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This eBook from the Gutenberg Project consists of approximately 139 pages of information about The Healing of Nations and the Hidden Sources of Their Strife.
colonies, though English trade may sometimes suffer in dealing with French, German or other foreign colonies on account of the preferential duties they put on in favour of their own goods.  Except for these tariff-walls and bounty systems (which after all, on account of their disturbing and crippling effect, seem to be gradually going out of fashion) trade flows over the world, regardless of national barriers, and will continue so to flow.  It is all a question of relative efficiency and price.  German goods, owing to their cheapness and their accuracy of construction, have of late years been penetrating everywhere; and to the German trader, as a pure matter of trade, it makes no difference whether he sells to a foreign nation or a German colony.

It is the same with seaports.  Holland is delighted to provide passage for Germany’s exports and imports, and probably does so at a minimum cost.  The Berlin manufacturer or merchant would be no better off, as far as trade conditions are concerned, if Germany instead of Holland held the mouths of the Rhine.  The same with a harbour like Salonika.  Germany or Austria may covet dreadfully its possession; and for strategic or political reasons they may be right, but for pure trade purposes Salonika in the hands of the Greeks would probably (except for certain initial expenses in the enlargement of dock accommodation) serve them as well as in their own hands.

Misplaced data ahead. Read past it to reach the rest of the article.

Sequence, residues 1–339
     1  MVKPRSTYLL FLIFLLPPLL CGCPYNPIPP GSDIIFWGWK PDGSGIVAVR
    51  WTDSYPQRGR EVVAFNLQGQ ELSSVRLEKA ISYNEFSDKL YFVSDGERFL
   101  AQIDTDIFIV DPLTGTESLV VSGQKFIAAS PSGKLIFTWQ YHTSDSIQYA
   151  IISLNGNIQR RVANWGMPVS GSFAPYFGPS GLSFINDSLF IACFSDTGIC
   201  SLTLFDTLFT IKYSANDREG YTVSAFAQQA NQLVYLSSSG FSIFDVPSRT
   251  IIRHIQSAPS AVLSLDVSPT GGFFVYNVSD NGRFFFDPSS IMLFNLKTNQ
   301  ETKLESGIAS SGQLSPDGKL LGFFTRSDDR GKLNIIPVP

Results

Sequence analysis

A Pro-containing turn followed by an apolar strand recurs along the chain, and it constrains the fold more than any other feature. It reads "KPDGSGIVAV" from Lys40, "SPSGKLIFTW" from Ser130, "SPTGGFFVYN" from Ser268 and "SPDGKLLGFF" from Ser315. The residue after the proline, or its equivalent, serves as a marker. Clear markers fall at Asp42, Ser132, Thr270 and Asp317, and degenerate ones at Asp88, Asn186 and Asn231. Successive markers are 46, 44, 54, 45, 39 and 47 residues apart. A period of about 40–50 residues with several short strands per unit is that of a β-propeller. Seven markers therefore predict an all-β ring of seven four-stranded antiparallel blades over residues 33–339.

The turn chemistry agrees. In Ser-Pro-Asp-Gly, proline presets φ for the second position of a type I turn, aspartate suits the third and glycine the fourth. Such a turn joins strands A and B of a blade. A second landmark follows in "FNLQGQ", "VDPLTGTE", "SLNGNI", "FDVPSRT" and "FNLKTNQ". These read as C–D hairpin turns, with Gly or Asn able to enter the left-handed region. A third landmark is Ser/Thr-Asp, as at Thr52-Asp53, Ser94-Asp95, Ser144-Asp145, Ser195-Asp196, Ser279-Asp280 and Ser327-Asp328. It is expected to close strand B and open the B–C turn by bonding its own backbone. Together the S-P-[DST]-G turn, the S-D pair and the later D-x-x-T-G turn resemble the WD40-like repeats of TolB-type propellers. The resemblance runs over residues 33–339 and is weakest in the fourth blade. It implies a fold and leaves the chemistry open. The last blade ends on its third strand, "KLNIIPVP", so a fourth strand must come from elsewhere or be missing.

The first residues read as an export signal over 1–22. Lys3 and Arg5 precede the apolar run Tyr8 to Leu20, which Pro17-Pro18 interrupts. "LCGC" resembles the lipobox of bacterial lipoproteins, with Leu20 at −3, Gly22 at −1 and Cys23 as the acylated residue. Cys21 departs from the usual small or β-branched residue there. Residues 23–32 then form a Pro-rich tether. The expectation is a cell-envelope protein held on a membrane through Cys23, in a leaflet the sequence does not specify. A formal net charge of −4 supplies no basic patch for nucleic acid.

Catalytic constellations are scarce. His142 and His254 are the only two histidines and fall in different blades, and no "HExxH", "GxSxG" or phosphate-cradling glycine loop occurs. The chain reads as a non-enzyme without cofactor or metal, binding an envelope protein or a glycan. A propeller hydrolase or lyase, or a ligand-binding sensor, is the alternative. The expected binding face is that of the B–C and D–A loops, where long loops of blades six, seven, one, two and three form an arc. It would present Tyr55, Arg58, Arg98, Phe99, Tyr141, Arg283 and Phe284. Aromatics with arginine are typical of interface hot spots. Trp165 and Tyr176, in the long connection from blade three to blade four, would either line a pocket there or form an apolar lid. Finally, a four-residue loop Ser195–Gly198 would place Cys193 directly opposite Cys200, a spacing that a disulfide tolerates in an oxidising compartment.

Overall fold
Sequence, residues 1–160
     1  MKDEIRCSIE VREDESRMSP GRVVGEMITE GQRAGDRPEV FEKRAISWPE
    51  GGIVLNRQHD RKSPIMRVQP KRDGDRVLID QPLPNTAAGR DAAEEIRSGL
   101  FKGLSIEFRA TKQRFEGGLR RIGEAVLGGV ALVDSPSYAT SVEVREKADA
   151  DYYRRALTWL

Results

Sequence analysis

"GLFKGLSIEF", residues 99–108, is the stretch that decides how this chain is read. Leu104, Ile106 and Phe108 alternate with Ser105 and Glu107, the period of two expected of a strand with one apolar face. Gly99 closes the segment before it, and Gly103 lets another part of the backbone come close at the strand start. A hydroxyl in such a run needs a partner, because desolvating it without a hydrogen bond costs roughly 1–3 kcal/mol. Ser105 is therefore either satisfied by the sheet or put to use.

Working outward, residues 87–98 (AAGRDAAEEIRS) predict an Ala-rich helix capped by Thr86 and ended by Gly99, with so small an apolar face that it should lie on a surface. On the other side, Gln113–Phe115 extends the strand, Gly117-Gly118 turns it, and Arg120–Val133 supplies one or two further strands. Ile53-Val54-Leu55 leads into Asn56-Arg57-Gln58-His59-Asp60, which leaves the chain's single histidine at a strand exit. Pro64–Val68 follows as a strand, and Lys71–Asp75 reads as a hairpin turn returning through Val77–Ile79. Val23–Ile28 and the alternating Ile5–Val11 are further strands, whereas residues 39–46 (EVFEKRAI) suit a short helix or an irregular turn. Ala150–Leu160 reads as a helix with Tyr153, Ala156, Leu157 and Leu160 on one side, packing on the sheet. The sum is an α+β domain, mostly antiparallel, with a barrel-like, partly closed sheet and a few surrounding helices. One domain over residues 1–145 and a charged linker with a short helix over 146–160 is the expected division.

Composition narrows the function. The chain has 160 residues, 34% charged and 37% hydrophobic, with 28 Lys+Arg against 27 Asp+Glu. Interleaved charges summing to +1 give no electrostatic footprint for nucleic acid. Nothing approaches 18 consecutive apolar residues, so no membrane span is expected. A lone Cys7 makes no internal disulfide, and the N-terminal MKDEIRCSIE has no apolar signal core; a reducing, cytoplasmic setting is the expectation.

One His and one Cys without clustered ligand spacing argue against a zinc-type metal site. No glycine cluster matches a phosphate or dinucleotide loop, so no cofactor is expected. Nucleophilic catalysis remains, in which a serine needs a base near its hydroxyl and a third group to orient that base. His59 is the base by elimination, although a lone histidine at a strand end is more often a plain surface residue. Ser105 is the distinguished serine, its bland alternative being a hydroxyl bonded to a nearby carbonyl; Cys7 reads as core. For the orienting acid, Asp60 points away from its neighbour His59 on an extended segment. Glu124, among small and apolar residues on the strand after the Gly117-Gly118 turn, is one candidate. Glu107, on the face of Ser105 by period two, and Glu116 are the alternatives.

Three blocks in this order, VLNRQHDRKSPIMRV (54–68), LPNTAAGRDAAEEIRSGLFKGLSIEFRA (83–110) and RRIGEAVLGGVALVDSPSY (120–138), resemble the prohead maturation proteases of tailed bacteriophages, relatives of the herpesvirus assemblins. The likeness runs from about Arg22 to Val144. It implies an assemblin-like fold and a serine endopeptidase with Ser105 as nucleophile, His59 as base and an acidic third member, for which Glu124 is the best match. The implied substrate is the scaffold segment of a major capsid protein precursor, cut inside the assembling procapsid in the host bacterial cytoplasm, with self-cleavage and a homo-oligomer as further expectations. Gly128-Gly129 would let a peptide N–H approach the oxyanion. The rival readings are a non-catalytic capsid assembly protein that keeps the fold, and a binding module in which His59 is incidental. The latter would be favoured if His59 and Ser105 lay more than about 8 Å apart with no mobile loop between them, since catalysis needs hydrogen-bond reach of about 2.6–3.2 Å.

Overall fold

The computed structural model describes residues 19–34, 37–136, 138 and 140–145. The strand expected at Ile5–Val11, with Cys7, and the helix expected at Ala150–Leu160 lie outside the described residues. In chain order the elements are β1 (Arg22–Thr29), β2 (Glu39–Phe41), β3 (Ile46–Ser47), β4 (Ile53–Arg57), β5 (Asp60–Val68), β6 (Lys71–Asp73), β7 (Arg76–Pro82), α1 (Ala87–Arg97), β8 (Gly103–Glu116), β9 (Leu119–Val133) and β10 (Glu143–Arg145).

Of course there are other reasons which make nations desire colonies and ports.  Such things may be useful for offensive or defensive purposes against other nations; they feed a jealous sense of importance and Imperialism; they provide outlets for population and access to lands where the institutions and customs of the Homeland prevail; they supply financiers with a field for the investment of capital under the protection of their own Governments; they favour the development of a national carrying trade; and, above all, they supply plentiful official and other posts and situations for the young men of the middle and commercial classes; but for the mere extension and development of the nation’s general trade and commerce it is doubtful whether they have anything like the importance commonly credited to them.

XIII

WAR AND THE SEX IMPULSE

January, 1915.

It seems that War, like all greatest things—­like Passion, Politics, Religion, and so forth—­is impossible to reckon up.  It belongs to another plane of existence than our ordinary workaday life, and breaks into the latter as violently and unreasonably, as a volcano into the cool pastures where cows and sheep are grazing.  No arguments, protests, proofs, or explanations are of any avail; and those that are advanced are confused, contradictory, and unconvincing.  Just as people quarrel most violently over Politics and Religion, because, in fact, those are the two subjects which no one really understands, so they quarrel in Warfare, not really knowing why, but impelled by deep, inscrutable forces.  Spectators even and neutrals, for the same reason, take sides and range themselves bitterly, if only in argument, against each other.

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